Another weird thing is that Mavericks won’t let me login to the Apple store. It notifies me on my phone, I approve it, but it never prompts for the verification. Maybe it’s too old? Anyways I install macOS Sierra, and do the upgrade.

Now running Sierra, I can use the store, and try to take the leap on my USB to Mojave. And of course disappointment strikes again:

You may not install to this volume because the computer is missing a firmware partition.

What the hell?! So now I’m trying to find out how to create a bootable USB installer from the download. That leads me to this fun page at apple. Apparently an ‘install installer to USB drive’ would be too complicated for Apple, so its hidden in a terminal command. Fantastic. Since I’m using that 128GB as my system, I grab that 16GB flash drive, and install the installer to that.

sudo /Applications/Install\ macOS\ --volume /Volumes/SanDisk\ Fit

What an insane path to get this far. The tool will partition and format the drive, and now I can shut down, pop out the 128GB Sierra drive, and boot into the Mojave installer.

I didn’t take pictures, but by default the Mojave installer & DiskTool only show existing partitions. You have to right click on the drive, to expose the entire drive. This was an issue as I’d installed ESX onto the new storage. I clear the drive, and now I can finally install Mojave.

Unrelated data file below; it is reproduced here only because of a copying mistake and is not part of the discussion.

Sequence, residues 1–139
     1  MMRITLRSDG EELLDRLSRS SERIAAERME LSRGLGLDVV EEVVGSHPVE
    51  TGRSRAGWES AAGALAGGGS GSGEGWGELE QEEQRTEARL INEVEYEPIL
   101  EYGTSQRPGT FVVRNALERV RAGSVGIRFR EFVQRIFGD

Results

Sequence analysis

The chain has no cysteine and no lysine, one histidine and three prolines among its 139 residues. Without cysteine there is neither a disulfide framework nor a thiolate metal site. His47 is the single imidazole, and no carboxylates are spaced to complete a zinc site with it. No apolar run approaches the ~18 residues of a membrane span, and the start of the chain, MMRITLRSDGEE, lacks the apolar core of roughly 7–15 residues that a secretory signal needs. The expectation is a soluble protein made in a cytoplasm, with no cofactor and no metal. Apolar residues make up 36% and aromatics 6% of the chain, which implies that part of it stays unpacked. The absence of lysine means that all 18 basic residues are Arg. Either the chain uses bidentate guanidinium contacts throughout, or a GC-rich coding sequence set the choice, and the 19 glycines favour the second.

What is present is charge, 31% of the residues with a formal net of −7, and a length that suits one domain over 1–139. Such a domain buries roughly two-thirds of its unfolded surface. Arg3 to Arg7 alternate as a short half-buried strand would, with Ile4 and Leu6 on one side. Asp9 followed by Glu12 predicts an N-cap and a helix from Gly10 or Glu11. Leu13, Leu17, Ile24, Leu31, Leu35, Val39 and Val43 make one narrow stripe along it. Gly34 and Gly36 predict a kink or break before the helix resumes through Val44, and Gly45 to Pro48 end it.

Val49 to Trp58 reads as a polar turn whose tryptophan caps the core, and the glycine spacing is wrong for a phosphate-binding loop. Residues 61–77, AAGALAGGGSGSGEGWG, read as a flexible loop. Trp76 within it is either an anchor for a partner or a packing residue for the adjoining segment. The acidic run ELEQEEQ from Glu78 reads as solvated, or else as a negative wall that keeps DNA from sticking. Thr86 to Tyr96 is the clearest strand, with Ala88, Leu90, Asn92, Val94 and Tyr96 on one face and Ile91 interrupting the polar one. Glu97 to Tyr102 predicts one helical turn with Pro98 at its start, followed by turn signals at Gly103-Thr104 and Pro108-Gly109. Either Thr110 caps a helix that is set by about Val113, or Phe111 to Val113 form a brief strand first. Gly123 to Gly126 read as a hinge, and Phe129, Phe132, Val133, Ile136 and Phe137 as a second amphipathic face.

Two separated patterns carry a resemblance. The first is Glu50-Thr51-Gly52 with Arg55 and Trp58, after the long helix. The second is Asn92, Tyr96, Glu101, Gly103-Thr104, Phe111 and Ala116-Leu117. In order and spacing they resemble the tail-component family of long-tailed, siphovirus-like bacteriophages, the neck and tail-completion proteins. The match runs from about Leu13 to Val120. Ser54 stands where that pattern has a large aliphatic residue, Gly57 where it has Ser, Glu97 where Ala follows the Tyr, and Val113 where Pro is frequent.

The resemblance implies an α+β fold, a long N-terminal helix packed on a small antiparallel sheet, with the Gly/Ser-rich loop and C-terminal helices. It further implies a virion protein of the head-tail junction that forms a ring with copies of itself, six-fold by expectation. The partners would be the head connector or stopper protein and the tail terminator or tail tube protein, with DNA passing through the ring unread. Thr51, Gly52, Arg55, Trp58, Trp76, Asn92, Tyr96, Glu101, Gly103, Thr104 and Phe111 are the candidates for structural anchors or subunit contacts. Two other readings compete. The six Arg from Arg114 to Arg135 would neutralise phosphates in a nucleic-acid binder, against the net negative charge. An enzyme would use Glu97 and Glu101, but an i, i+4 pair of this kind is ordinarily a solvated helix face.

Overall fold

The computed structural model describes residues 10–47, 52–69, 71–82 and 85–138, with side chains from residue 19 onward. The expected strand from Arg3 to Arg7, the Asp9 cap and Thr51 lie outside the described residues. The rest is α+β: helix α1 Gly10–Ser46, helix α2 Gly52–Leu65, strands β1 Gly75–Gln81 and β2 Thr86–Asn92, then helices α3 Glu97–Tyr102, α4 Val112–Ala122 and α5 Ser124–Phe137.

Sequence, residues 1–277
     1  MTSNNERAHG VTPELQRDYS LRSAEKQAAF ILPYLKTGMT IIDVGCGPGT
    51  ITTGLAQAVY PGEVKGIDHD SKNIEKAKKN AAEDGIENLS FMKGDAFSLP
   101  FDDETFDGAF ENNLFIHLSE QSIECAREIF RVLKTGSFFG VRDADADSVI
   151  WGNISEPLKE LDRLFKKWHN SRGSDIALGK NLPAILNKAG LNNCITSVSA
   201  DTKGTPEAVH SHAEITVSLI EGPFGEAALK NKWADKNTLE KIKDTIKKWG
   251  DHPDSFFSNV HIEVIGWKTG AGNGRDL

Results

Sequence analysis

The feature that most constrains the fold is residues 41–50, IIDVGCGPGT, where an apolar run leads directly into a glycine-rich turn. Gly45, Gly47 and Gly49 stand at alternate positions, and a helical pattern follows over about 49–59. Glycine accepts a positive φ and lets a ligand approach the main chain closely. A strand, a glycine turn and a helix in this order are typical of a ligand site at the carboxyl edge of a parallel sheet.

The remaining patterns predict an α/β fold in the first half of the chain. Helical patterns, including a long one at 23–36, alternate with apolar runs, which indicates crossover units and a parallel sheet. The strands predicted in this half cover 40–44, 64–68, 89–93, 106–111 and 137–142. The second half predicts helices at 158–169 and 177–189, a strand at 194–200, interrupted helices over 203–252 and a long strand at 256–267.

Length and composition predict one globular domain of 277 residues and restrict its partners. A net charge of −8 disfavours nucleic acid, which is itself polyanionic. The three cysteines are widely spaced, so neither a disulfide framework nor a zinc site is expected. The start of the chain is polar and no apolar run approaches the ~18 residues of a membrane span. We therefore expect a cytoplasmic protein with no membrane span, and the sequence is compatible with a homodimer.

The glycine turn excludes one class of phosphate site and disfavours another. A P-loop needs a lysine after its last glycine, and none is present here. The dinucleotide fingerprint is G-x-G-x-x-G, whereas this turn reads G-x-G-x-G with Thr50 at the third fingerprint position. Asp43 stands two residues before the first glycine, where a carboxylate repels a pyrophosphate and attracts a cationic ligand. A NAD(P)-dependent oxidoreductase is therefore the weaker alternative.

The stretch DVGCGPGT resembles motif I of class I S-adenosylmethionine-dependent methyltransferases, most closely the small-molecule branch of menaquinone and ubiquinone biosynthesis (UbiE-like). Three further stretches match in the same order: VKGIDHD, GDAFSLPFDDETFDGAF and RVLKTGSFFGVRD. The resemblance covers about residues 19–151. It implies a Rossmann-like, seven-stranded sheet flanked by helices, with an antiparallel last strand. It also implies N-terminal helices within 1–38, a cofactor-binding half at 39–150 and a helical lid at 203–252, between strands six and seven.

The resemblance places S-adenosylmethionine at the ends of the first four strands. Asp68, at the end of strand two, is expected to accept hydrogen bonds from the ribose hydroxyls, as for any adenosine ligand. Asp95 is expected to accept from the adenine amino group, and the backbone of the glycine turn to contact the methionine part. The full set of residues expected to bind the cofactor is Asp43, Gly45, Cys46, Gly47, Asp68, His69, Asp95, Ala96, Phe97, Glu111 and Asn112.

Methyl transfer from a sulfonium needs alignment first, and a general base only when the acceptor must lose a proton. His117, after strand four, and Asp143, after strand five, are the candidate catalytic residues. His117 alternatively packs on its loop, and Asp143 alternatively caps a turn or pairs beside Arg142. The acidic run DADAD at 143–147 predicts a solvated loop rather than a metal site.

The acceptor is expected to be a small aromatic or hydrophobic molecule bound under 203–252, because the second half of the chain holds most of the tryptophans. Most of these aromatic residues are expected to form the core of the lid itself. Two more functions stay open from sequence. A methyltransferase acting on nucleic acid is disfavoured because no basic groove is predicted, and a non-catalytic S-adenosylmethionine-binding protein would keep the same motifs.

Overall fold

Home run?

Thinking it’s all over, I reboot into the Mac Pro, thinking everything should be fine, I have a properly fitting drive that is super fast, and It’s already 10.14.6 the latest and last version that lets me run 32bit stuff. Except that It’s slow. And unstable. No progress was seemingly made.

Trying to search ‘why is my Macintosh slow’ is, well a total waste of time. And it periodically locks hard making it extremely annoying.

Somehow I found this thread over on Apple support:

I have a quad-core CPU Mac Pro late 2013 (Model Identifier: MacPro6,1).  MacOS X 10.9.5. 
I have had all sorts of USB devices hooked up to it.  At any one time, I usually have all 4 ports filled.  I have a 3TB USB 3.0 disk that stores my large files, a USB mouse and keyboard (logitech with a usb mini dongle), a cable to charge my logitech USB cordless mouse, Lightning cable to my iPhone 5, and other things that I rotate in and out, like CF card reader, Audio Box USB audio interface from PreSonus, Sony Webcam, etc. 
About 3 months into having the Mac Pro, I noticed that my keyboard went dead in the middle of using it.  The mouse was dead too.  I blamed the RF dongle that they both share, because the Apple Magic Trackpad (bluetooth) I have still functioned.  Try as I might, I couldn't get the keyboard or mouse to work again, so I used the Magic Trackpad to restart the machine, and then my keyboard and mouse worked again.